Great Brittany

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Tom Richmond enjoys a relaxing break in Brittany 
– and finds much in common with Yorkshire.

IT was a “working” lunch that I will never forget – French-style.

We’ve been at sea for an hour aboard the An Durzunel, a traditional open fishing boat to enjoy the spectacular views off the Brittany coast from the inlet town of Cancale.

It’s been relatively plain sailing – considering how a French skipper Jerome had been teamed up with an English-speaking crew, and on the very same day when the footballers from the two countries would clash in 2012.

We built up a leisurely rate of knots once we’d got to grips with the three sails and rigging as the breathtaking Pointe du Grouin came into view on the horizon.

And then two unmistakable sounds that I’ll never forget – the dropping of the boat’s anchor into the English Channel moments before the first bottle of Muscadet was opened, to be washed down with some oysters that had only been caught at dawn.

It’s amazing how the French improvise when it comes to their cuisine and particularly at lunchtime – our skipper had come with an array of spices, bread and coffee that were wonderfully laid out on one of the benches. This special day was then eclipsed by an exhilarating afternoon sail back to Cancale and an unexpected chance to take the helm (with, I’m pleased to report, another glass of chilled Muscadet in hand).

Never, in my wildest dreams, did I imagine that I’d be sailing in the sun – while reports reached the boat of more floods back in Britain. Or that we’d witness young French schoolchildren enjoying a yachting lesson as part of their school curriciulum. Imagine what Health and Safety would say back here. As the sun glistened on still waters of the English Channel, two thoughts came to mind – the heroism of all those who crossed these seas at times of war when the weather was far less kind, and just why I had I never previously considered Brittany as a holiday destination.

To many, Brittany – and its 1,700 miles of idyllic coastline and hidden coves – is regarded as the French equivalent of Cornwall.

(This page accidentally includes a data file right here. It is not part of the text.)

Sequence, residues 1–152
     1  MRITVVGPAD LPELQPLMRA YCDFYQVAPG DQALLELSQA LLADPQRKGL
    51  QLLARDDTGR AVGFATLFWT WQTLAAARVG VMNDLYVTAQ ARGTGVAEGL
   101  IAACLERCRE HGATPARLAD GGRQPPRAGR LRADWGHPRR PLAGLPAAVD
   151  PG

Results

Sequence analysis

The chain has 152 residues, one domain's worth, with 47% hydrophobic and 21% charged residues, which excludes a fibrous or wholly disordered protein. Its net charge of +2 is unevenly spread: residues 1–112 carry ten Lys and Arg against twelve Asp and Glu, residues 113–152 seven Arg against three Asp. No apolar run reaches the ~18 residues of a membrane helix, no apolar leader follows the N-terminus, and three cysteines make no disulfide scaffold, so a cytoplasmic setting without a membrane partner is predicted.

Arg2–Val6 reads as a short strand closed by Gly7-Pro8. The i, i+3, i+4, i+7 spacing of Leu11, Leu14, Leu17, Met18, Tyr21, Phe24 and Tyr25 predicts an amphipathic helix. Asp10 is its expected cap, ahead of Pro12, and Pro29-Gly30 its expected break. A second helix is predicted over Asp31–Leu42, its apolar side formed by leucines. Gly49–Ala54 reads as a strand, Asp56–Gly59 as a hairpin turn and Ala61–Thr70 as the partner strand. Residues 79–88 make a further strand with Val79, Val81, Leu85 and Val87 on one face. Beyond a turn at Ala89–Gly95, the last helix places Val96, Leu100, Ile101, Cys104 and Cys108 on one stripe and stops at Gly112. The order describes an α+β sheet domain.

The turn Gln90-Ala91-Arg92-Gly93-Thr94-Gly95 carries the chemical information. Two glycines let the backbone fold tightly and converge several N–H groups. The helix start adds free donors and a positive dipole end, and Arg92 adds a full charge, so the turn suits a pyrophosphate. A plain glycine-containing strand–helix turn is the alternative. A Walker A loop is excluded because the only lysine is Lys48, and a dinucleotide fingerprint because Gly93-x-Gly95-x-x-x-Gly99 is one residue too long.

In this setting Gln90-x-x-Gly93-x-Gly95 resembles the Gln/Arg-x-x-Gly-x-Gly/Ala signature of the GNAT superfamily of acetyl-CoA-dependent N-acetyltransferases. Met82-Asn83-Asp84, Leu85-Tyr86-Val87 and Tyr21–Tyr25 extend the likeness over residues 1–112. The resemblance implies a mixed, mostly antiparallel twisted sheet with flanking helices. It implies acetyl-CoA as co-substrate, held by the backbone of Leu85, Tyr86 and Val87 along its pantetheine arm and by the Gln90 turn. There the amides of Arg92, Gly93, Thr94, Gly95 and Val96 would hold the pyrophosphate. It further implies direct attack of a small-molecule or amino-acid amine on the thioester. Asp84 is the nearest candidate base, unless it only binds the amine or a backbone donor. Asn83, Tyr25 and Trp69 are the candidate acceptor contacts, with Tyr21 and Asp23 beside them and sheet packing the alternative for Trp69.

I disagree. Apart from the relatively flat terrain, there was a certain Yorkshire charm about France’s north-western peninsula – the warm welcome, the local delicacies and the Breton spirit illustrated by the black and white striped flag. It’s certainly quicker to travel to Brittany from this region than it is to drive to England’s South West; the one-hour Ryanair flight from Leeds Bradford Airport afforded stunning views of the walled city of St Malo as it came in to land at Dinard, a quaint town on the mouth of the river Rance and comparable, in many respects, to the gentle charm of Scarborough.

There’s another significant advantage too – the roads are much quieter too and, yes, the satnav on the French hire car used miles rather than kilometres.

Our trip was magnificently organised by Brittany Tourism which is looking to promote the region as the family destination for family holidays – whether it be coastline walks, tours of preserved medieval towns like Dinan or the very best of French cuisine.

First, it took us west to Le Prest, home to a family-run cider farm now passed to its fourth generation – Cidrerie Benoît et Bouvier. Time the visit right and you can see a working farm in action as apples from the orchard are turned into many different ciders – the Cidre du Prest Doux was a personal favourite – while adjacent buildings is used to milk a dairy herd.